Technical fault, pilot error to blame for fatal Sriwijaya Air Boeing 737 crash

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Indonesia’s air accident investigator, KNKT, has issued its final report on the Sriwijaya Air Boeing 737 crash which killed 62 people in January 2021. Investigators found the fatal incident was due to a faulty automatic throttle system that was not properly monitored by pilots.  

The Boeing 737-500 aircraft, registered PK-CLC, performed its last flight on January 9, 2022. The plane was scheduled to fly 62 passengers onboard, including two pilots, four flight attendants, 50 passengers, and six crew members traveling as passengers, from Soekarno-Hatta International Airport (CGK) in Jakarta to Supadio International Airport (PNK) in Pontianak.   

However, when the jet was flying over the Java Sea near Laki Island it suddenly lost altitude and plunged 10,000 feet in less than a minute.  

The flight crew did not declare an emergency and did not report any technical problems before the Boeing 737 disappeared from radars.   

What caused the plane to crash?  

According to the KNKT’s final report, the crash was caused by a faulty automatic engine throttle system, which had not been properly monitored by the flight crew.   

While pilots can control the thrust levers manually and a plane can be cleared for a flight without a normally working autothrottle, during the SJ182 flight the pilots did not closely monitor the asymmetrical thrust condition, investigators found.  

“The investigation concluded that during the accident flight, the pilots should have enough time to monitor the thrust lever asymmetry and be able to recognize deviation of the flight path. However, the pilots did not identify the flight anomaly before it developed into an upset condition,” the report noted.  

Investigators also found that the left engine throttle lever moved back to as low as 34% speed after takeoff. Meanwhile, the right lever remained in its original climb position at about 92% speed, meaning that the left engine thrust significantly decreased.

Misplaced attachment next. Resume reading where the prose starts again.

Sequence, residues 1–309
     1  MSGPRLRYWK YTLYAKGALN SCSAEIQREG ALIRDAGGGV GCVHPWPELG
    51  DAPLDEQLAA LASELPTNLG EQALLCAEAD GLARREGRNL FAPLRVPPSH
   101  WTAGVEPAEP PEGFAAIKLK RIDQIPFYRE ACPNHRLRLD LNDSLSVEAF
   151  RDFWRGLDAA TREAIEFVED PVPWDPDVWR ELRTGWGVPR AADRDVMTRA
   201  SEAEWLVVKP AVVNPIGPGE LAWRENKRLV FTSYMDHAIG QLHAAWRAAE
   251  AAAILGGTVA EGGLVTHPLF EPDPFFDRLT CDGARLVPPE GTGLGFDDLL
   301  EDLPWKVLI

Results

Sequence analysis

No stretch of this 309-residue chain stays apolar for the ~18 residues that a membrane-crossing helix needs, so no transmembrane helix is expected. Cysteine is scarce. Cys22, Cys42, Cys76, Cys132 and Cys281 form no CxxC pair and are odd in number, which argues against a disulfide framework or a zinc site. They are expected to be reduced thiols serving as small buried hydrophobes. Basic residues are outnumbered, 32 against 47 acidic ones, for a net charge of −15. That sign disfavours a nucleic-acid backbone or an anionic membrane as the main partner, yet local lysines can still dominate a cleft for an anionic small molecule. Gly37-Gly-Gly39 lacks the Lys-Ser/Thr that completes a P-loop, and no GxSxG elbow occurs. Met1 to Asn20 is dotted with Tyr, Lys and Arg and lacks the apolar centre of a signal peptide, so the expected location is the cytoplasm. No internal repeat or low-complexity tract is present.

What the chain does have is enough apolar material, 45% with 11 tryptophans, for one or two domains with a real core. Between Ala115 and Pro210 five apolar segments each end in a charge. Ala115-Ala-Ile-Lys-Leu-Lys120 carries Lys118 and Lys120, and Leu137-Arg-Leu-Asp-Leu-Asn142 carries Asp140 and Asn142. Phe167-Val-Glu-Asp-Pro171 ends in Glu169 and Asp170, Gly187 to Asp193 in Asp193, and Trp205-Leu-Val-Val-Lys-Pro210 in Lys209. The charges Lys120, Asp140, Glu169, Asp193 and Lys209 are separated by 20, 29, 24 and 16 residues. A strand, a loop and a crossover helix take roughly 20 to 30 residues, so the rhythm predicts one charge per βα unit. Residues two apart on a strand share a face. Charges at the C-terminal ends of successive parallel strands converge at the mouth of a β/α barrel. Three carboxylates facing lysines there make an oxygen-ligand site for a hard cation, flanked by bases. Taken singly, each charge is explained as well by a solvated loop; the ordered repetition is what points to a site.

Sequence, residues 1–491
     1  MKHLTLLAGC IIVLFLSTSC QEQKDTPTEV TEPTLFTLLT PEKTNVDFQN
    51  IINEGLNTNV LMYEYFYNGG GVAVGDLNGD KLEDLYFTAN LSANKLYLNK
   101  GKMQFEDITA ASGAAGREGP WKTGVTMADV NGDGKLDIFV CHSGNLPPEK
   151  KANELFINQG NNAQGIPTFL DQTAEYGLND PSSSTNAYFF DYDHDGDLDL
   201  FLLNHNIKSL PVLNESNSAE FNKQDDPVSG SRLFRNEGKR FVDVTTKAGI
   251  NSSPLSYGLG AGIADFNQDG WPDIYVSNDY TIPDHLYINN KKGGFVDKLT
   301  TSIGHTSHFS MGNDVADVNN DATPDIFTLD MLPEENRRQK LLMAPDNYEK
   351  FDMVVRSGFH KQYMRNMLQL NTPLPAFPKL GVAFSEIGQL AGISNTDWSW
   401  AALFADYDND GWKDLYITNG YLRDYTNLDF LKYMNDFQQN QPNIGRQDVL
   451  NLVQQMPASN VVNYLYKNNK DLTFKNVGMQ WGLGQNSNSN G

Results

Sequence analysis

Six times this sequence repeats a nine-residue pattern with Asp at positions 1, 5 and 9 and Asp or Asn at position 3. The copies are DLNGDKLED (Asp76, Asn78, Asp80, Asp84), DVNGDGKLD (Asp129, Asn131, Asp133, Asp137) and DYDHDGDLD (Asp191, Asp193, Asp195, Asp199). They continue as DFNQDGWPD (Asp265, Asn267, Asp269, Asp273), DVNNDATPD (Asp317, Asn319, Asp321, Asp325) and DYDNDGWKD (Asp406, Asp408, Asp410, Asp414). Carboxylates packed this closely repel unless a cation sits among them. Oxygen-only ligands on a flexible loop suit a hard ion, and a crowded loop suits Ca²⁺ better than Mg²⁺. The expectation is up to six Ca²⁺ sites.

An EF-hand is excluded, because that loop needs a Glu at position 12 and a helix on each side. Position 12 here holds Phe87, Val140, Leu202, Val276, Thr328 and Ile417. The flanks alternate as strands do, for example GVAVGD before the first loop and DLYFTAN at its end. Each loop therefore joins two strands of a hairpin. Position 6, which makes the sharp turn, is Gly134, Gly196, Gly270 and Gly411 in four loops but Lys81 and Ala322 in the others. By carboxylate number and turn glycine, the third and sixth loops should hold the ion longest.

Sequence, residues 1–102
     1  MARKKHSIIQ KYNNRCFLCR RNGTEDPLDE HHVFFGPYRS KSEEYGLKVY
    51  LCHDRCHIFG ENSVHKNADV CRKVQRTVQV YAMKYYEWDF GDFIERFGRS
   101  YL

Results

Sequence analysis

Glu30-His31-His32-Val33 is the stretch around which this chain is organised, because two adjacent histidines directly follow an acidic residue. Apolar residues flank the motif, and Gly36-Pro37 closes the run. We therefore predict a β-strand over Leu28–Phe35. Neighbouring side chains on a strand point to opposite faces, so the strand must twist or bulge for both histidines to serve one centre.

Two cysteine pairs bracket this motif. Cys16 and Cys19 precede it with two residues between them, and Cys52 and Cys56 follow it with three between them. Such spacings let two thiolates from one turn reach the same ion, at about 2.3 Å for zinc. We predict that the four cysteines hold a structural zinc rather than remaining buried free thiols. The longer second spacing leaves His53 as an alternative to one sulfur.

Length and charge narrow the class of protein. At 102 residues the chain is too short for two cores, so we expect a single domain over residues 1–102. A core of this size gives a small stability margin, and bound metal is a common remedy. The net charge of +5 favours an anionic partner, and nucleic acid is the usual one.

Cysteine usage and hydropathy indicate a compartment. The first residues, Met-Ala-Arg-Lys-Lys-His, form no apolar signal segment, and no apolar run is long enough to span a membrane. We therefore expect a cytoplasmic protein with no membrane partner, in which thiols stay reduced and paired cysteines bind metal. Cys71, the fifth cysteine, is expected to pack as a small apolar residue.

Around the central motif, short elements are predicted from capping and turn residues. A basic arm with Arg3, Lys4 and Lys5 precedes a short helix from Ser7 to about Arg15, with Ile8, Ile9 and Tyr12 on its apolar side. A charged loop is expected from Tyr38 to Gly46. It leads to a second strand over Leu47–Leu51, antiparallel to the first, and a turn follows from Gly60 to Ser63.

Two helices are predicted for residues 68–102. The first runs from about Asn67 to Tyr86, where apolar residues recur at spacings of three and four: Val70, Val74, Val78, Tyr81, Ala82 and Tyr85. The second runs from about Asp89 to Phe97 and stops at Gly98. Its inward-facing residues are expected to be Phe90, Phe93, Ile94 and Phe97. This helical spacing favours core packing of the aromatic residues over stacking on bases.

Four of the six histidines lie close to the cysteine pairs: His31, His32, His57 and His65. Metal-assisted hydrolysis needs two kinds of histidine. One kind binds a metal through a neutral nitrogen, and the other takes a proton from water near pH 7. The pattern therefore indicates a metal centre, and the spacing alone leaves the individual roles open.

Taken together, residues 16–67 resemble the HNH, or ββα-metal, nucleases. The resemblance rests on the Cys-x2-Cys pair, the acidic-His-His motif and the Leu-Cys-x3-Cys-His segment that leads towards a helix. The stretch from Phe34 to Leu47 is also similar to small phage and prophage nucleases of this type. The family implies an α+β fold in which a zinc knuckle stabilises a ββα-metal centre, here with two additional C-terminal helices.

“This lapse of not identifying the anomaly could be due to reduced active monitoring because of pilot automation complacency and confirmation bias that the aircraft was performing the right turn as commanded. Without using the EADI [Electronic Attitude Direction Indicator, ed.-] as a primary reference in assessing the aircraft attitude, the pilot was not able to apply correct recovery inputs,” the KNKT explained.  

Problems with the autothrottle system were reported 65 times in the jet log   

During the flight, the Boeing 737 autothrottle (A/T) system, which automatically controls engine power, was unable to move the right thrust lever due to the failure of the mechanical system, the report said.  

The increase of the thrust asymmetry could have been stopped if the aircraft Cruise Thrust Split Monitor (CTSM) system was working properly. However, the investigators determined that “an error in the spoiler signal value” led to the CTSM fault. 

Consequently, the thrust asymmetry became greater, and the plane aircraft turned to the left instead of to the right as intended. The plane suffered a so-called upset condition, during which its flight altitude and airspeed went outside the normal bounds of operation for which it is designed.  

At an altitude of around 10,700 feet, the autopilot disengaged completely, making the aircraft roll to the left more than 45 degrees.   

“The aircraft entered an upset condition, and the pilot was unable to recover from the situation,” the report explained. 

The loss of control caused the Boeing 737 to dive into the sea. 

The KNKT found that technical issues within the maintenance logs of the 26-year-old PK-CLC had been reported 65 times since 2013.   

 

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